Conformity Essay Example

Conformity is defined as, “behavior that is the same as the behavior of most other people in a society, group; the fact or state of agreeing with or obeying something,” (“Conformity”). Brave New World, written by Aldous Huxley, is a novel featuring a dystopia with a society that makes its members conform to its standards. Conformity is seen within this novel in ways of how you act, how you look, what you wear, and ultimately how you live. Social media relates to this sort of conformity in the way that it shapes how you perceive something and ultimately sways you in one direction or another. In a study, one-fifth of the girls indicated social media pressure was a contributing factor to their dislike for their bodies (Johnson). Body image is just one of the many things social media configures to create a conformity-convincing atmosphere. Social media pressures teenagers into conforming to acceptable ideals of their buying habits, self-image, and actions that mirror the conformist society in Brave New World.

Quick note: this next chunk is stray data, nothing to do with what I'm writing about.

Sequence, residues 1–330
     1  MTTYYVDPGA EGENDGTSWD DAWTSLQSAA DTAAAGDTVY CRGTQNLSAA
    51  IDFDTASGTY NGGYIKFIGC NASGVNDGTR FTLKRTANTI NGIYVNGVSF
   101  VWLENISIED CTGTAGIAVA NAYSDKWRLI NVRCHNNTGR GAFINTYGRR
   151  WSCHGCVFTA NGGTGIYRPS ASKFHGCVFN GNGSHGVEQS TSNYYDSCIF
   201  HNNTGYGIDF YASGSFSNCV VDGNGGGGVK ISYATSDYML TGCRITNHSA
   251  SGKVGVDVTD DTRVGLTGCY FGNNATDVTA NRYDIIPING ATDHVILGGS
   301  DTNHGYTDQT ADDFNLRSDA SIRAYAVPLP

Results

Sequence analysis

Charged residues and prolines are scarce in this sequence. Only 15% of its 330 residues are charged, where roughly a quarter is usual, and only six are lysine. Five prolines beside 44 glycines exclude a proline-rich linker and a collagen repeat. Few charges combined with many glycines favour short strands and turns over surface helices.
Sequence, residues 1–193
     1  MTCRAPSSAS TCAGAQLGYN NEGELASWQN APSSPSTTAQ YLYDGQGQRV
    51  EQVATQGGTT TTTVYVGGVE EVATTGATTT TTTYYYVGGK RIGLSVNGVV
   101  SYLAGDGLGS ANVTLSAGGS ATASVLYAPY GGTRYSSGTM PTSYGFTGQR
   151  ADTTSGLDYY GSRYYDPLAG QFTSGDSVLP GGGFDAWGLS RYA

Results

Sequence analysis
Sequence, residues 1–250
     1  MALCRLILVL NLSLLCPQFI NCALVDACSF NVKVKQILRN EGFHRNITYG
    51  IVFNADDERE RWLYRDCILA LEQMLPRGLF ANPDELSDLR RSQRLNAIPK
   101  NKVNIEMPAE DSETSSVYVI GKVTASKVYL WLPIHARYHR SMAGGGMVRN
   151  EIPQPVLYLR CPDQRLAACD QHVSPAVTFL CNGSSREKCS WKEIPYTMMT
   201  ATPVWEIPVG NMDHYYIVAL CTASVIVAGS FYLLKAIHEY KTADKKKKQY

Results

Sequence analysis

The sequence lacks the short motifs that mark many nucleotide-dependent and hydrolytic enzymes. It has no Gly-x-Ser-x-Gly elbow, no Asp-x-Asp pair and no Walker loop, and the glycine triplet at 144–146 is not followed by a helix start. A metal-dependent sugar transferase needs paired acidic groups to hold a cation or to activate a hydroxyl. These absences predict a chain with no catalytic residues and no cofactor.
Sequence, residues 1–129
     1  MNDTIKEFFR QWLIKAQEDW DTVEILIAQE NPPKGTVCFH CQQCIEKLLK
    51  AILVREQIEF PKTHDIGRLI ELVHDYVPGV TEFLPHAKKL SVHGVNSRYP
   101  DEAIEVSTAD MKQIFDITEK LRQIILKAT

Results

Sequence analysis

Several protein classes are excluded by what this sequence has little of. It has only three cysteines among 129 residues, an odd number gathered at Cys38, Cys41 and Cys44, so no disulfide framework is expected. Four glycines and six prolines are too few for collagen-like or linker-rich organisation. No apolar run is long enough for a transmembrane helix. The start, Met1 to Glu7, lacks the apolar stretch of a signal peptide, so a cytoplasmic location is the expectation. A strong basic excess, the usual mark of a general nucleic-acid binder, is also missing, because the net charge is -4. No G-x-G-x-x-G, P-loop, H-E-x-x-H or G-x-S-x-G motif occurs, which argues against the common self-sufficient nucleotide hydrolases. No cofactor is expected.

To begin with, social media serves as an outlet for companies to advertise their brands in a way that appeals to teenagers. The extent of this exposure is the fact that over 250,000 commercial messages are seen by a seventeen-year-old through their whole life (“Introduction to Dieting”). Teens also pay extra attention to advertisements with relatable content and products (“Peers Have”). Advertisers, now more than ever, understand that brand affinity is strong among teens and play on this realization (“Peers Have”). Another way that advertisers sneak their way into teenage brains is by offering free things. “Teens are willing to accept advertising in scenarios where they can get content for free,” (“Peers Have”). By having an incentive of getting a service or product for free, teenagers feel more pushed into conforming. The idea of complying with a certain type of consumerism is shown by Huxley in Brave New World. “We always throw away old clothes. Ending is better than mending” (Huxley 49). This serves as a prime example of how the World Sate conforms to ideas that benefit commercialism just like ours.